Recent Posts

Russian Socialists in the Struggle for Democracy

For the past few weeks, protests for fair elections in upcoming municipal polls have become weekly in Moscow and St. Petersburg as thousands have defied authorities to attend unsanctioned rallies. The police crackdown has been particularly harsh in Moscow. Protests on July 27 and August 3 resulted in over 2000 detentions. Images of police in riot gear wrestling citizens to the ground and beating peaceful protesters were reminiscent of the mass protests against election fraud in 2011-2012.

Members of the Russian Socialist Movement, a small Marxist, anti-Stalinist organization active in the Russian left, have been participants in local electoral campaigns and in the protests. Two RSM activists, Valeria Kovelishina and Ilya Budraitskis talk about the Russian Socialist Movement, their electoral work, the protests for democracy in Russia and what they might mean for the future.

Witnessing the Collapse of Communism


Roundtable discussion marking the 30th anniversary of the collapse of communism in Eastern Europe. Participants include Timothy Garton Ash, Bridget Kendall, and Jens Reich.

The Evictors

Around Moscow, there’s a whole industry of so-called “black creditors” — microfinance institutions (or MFOs) that swindle and seize debtors’ homes. Ivan Golunov’s investigation for Meduza has discovered that almost 500 apartments have been seized from their owners over the past five years without so much as a court order. In fact, this scheme involves more than simply “squeezing” people from their homes. It is possibly part of a wider, international money-laundering system. Here’s Meduza special correspondent Ivan Golunov on the ins and outs of this industry.

Putin to Pardon Khodorkovsky

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Putin is pardoning Mikahil Khodorkovsky.

“In regard to Khodorkovsky, I’ve already said that Mikhail Borisovich must submit the corresponding papers [for a pardon] in accordance with the law. He didn’t do this, but just recently, he wrote such a document to me with a request for a pardon. He’s been in prison for ten years and that is a serious term. He referenced humanitarian grounds. His mother is sick. And I think that a decision can be made and the decree on the pardon will be signed in the nearest time.”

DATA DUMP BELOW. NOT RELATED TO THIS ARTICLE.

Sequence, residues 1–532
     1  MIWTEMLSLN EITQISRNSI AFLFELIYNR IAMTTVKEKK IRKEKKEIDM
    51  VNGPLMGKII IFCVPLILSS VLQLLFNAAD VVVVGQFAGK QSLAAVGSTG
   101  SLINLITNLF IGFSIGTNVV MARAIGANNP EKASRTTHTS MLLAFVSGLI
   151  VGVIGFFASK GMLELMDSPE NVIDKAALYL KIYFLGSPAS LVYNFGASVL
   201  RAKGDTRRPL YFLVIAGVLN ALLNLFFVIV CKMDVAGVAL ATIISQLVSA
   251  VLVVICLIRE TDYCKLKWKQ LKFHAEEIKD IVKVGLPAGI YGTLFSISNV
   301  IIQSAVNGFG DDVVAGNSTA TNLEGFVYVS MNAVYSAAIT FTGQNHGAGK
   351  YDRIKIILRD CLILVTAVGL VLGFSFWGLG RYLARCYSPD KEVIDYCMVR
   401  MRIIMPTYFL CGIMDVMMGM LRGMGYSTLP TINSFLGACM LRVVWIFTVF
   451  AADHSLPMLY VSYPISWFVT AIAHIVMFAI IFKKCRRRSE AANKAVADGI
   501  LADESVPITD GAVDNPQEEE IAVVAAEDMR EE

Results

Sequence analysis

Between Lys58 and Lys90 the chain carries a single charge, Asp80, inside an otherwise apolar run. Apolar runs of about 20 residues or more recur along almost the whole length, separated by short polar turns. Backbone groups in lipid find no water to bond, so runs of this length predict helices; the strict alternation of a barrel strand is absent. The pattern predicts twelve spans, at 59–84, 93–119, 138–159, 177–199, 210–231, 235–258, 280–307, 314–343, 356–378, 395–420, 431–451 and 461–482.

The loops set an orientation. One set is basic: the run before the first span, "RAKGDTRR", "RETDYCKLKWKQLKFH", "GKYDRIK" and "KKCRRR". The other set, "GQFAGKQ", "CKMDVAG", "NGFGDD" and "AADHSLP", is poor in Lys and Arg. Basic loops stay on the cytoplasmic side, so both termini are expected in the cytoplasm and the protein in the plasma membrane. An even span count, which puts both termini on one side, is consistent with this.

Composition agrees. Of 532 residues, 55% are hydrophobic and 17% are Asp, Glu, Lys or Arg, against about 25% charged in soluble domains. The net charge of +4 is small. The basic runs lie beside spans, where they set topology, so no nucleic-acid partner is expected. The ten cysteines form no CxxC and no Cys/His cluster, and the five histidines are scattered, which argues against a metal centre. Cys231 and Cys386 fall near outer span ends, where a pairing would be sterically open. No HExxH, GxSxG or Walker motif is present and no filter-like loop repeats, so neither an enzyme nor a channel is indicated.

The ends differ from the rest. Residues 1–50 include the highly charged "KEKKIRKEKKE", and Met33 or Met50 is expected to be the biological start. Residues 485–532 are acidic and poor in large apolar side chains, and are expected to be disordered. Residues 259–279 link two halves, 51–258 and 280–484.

The comments were made off stage just after Putin’s marathon presser. But he did hint at something in his comments on the unlikelihood of a third Yukos case during the conference. “As to ‘the third case,’ I do not want to go into details but honestly speaking I, as a person watching this from the outside, I do not see considerable prospects in this regard.”

Still, Joshua Yaffa tweeted it best:

Khodorkovsky’s people, however, say their client wrote no such pardon document to Putin.

“He never filed [an appeal for pardon], and we haven’t had any recent information about anyone appealing on his behalf. We don’t have this information, although we’ve received a number of pardon appeals on his behalf of other people over the years,” said Vadim Klyuvgant, a lawyer for Khodorkovsky to RIA Novosti.

Dmitry Peskov, Putin’s press secretary, reiterated that Khodorkovsky wrote his boss. “Putin recently received a letter written by Khodorkovsky not long ago.”

This is big news regardless the source of Putin’s decision.

And coming on the heels of the amnesty for some of the Bolotnaya participants, the Greenpeace activists, and Pussy Riot, it points to 2014 beginning with a political thaw.

Just in time for Sochi.

More will certainly be revealed in the coming hours and days.